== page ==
J.B. Spins

Jazz, film, and improvised culture.

Saturday, September 15, 2018

Lost Child: The Infernal Ozarks


The Ozarks have not had much luck in film and television. Generally, the mountainous plateau is portrayed as a place that combines the worst of the old world and contemporary society. There you will find all kinds of spooky old timey magic practiced, as well as meth. For a recently discharged veteran, it also happens to be home, but for her that is not a point in its favor. The land of Winter’s Bone gets a similar sort of treatment this time around, but there is more empathy than usual in Ramaa Mosley’s Lost Child (trailer here), which is now playing in New York.

Janella “Fern” Sreaves has come “home,” but she still carries part of the war with her. We can tell, because her aversion to guns is quite atypical for the region (and also for her former profession). She returns to the grim duty of her father’s funeral, but for her it is really a matter of paperwork. She would like to patch things up with her recidivist brother Billy, but he holds fast to his misplaced grievances.

That is all very frustrating for Sreaves, but par for the course. Things start to get weird for her when she finds a waifish boy shivering in the woods. Rather awkwardly, the local social worker happens to be her homecoming hook-up, Mike Rivers. Picking up on her own foster kid history, Rivers guilts Sreaves into sheltered the polite Cecil, at least temporarily. However, as soon as she welcomes him into the cabin, she starts feeling ill and her hair suddenly starts graying. Folks start whispering about Cecil and some even warn her outright. Surely, he must be the Tatterdemalion, a life-force-consuming demon that lives in the woods, until some naïf invites it into their home.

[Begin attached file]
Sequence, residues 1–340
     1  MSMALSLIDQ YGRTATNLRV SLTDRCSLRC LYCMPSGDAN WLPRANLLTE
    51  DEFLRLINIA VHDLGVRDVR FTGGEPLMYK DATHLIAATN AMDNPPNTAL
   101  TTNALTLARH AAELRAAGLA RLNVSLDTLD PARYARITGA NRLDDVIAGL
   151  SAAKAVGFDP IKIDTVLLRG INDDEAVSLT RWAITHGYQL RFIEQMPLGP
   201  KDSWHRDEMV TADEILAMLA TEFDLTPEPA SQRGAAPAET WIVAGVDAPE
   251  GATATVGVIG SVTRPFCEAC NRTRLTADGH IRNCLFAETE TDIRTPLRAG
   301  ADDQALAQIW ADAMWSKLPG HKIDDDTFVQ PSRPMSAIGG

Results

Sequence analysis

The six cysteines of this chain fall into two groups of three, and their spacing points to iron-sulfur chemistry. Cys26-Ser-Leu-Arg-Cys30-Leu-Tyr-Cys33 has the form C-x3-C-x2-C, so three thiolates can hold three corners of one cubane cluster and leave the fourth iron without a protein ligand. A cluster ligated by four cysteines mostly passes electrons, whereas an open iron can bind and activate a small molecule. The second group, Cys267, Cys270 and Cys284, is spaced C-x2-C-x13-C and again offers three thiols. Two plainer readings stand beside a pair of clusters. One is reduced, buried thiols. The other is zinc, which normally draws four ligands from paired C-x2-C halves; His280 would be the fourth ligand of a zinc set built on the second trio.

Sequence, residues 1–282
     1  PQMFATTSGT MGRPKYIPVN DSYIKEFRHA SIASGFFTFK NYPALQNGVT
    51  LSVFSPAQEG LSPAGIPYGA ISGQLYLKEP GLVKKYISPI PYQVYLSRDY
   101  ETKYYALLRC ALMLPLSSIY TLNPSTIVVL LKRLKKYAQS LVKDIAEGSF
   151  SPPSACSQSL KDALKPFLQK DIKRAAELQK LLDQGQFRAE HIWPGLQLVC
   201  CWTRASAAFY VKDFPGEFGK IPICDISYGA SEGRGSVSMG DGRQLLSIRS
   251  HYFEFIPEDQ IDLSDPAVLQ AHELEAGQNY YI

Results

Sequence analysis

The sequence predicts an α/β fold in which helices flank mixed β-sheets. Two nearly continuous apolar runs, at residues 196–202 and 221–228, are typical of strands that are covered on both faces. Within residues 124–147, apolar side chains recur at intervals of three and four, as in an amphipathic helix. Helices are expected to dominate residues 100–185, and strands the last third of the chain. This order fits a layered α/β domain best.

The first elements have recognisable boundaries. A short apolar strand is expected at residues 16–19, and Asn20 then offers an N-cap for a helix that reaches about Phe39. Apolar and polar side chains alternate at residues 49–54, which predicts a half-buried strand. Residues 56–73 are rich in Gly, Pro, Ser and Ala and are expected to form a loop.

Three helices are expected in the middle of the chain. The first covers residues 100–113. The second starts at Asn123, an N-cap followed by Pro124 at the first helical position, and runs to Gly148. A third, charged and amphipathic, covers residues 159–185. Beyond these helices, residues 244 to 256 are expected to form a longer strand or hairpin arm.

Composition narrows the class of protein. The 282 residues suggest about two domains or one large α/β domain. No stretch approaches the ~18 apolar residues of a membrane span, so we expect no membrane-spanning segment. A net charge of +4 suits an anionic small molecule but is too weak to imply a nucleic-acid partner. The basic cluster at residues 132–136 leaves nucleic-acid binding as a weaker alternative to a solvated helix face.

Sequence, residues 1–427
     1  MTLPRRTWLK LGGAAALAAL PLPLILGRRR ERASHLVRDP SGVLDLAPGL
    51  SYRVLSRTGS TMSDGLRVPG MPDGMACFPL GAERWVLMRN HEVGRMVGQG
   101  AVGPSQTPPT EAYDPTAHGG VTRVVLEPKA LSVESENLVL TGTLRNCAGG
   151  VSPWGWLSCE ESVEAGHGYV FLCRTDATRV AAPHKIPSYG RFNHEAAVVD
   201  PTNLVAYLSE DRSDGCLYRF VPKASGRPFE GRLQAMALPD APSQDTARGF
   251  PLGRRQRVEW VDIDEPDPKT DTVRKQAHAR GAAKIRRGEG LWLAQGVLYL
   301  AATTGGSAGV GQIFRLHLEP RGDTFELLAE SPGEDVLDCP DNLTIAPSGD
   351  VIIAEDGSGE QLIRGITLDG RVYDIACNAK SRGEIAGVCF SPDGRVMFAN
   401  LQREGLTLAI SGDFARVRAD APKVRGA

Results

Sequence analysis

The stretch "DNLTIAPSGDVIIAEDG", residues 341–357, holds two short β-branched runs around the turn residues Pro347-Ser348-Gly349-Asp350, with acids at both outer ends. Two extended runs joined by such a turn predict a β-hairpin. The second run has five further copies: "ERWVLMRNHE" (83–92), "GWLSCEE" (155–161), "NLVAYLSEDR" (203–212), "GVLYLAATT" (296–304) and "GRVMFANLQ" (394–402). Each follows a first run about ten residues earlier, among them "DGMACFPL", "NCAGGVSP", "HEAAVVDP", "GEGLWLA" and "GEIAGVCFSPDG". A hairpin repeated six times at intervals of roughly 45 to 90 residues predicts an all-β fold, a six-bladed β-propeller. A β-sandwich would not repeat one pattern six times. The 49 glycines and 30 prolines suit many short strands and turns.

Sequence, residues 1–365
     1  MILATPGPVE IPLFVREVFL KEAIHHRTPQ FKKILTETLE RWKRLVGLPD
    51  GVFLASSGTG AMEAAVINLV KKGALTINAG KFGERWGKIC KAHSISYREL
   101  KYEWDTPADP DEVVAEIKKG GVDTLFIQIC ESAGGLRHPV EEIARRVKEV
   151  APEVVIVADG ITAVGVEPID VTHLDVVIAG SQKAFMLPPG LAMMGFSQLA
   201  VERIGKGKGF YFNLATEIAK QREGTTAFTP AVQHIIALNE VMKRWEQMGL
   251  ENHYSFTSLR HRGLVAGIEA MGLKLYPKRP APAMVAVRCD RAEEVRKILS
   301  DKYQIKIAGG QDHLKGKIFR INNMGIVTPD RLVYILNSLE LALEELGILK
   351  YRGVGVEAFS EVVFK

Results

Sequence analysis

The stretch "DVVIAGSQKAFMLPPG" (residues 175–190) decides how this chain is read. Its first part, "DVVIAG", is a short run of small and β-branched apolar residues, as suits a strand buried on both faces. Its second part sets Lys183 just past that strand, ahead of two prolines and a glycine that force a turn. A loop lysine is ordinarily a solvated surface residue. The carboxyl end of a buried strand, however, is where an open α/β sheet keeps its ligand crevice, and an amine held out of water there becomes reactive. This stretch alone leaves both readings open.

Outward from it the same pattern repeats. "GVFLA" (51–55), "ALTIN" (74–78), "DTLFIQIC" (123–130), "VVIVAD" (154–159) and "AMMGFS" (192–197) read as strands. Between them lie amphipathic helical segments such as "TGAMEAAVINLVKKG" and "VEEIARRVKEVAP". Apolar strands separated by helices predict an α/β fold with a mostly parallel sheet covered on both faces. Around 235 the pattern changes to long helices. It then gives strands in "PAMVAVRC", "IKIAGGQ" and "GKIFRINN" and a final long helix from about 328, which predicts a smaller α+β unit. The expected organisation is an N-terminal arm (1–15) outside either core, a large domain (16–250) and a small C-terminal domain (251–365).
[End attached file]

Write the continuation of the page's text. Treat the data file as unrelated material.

What is really creepy about Lost Child is not the is-he-or-isn’t-he question. It is the fact that so many people truly believe there are demons lurking in the woods, here in the present day. You do not even need demons when there are people burning trees to get the evil spirits out. Nevertheless, Mosley nicely maintains a sense of ambiguity and uncertainty regarding Cecil’s true nature—and perhaps the nature of our world as well. Without a doubt, Lost Child represents a quantum leap improvement over her previous film, the vacuous mishmash, The Brass Teapot. This is a gritty, emotionally intelligent film that has a strong sense of place, geographically and culturally.

Leven Rambin is terrific as Sreaves. If you want an example of “strong but vulnerable,” she delivers to a “T.” Fortunately, neither Rambin or Mosley overplay Sreaves’ PTSD, forgoing the typical twitching and night terrors. Instead, it is something more matter-of-fact that she will have to struggle to overcome. Rambin also develops some nice romantically ambiguous chemistry with Jim Parrack’s Rivers, who could be the manliest social worker ever seen in a serious drama.

Watching Lost Child brought to mind Robert Love Taylor’s yet-to-be-properly-appreciated novel Blind Singer Joe’s Blues. They both usher us into a world where “hants” and infernal ones have a palpable effect on people, regardless whether they are real or not. Recommended for fans of Southern Gothic at its most hardscrabble, Lost Child is now playing in New York, at the Cinema Village.

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